Centre’s Kansas Online Learning Program, now is in its seventh year, has benefited the district’s traditional classes, coordinator Vickie Jirak told the Centre school board Monday.
“When I went through the numbers, I was on a natural high,” she said. “Virtual has paid for itself and helped our brick and mortar.”
In the program’s first five years, the district received $5,000 from the state for each student enrolled on Sept. 20. Enrollment ranged from 23.7 in 2010-’11 to 282.8 in 2014-’15.
Funding changed in 2015-’16. It remained the same for kindergarten through 12th grade, but for adults, it was based on credits earned.
“It was like starting over when the funding changed,” Jirak said.
The program began urging adult enrollees to complete a class in a month to six weeks. She believes it has helped.
The first year after the change, adults earned 143.5 credits. So far this year, despite fewer enrollees, they have earned 177.5 credits, with four months to go.
A total of 410 K-12 students were enrolled in the program’s kindergarten through 12th-grade classes Sept. 20.
Money spent on advertising has increased every year. Jirak works through an advertising agency to promote the program. She will begin buying ads for next year this month.
Board members praised Jirak, who credited her assistants Melissa Barton and Michelle Knepp as well as many student-learning advocates who monitor enrollees’ progress.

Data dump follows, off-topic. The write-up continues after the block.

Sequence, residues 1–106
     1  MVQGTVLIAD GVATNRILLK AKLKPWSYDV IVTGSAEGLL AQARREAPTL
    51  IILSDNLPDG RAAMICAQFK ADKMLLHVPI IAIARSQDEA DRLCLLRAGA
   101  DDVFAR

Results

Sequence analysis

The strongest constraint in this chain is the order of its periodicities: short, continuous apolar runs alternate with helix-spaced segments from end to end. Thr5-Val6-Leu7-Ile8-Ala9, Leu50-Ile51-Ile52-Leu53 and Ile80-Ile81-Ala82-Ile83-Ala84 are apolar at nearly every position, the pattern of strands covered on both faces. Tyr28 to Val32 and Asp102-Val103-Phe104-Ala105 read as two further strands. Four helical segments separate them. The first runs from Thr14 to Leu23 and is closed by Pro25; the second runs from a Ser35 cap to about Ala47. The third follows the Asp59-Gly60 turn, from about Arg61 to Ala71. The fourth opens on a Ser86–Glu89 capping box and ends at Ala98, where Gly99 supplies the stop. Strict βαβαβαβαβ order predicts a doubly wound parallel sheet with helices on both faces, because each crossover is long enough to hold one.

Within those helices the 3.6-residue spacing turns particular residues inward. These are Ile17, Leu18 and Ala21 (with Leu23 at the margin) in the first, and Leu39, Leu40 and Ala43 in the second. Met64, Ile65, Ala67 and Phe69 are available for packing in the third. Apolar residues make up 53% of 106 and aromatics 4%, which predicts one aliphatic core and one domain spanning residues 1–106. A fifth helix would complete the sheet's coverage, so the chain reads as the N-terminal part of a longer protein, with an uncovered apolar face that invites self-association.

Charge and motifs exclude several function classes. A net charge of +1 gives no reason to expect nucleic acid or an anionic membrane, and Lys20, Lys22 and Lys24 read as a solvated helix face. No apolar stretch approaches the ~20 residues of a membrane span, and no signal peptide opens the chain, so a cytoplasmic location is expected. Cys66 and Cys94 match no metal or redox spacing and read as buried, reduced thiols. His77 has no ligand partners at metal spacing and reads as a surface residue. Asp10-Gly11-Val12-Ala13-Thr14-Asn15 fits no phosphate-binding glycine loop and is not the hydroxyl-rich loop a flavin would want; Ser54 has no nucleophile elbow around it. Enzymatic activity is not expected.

“You’ve done a hell of a job,” board member Jesse Brunner said.
The board approved $100,000 for advertising the program for 2016-’17.
Technology director Andrew Linville reported installation of several more Internet access points in the school.
He also plans to replace teachers’ 8-year-old computers, which are two years past normal retirement. He said he would use money from the federal Rural Education Achievement Program to purchase new ones.
He also reported that a new fiber optic network based in Marion is being considered by the Technology Excellence in Education Network that connects five school districts — Centre, Herington, Hillsboro, Marion, and Peabody-Burns.
Whenever weather shuts down Internet access at Centre, the whole network goes down, and Linville is responsible for bringing it back up. With the new network, only Centre would be affected.
Linville said Centre uses more bandwidth than other schools in the network because its teachers use more technology in their classrooms.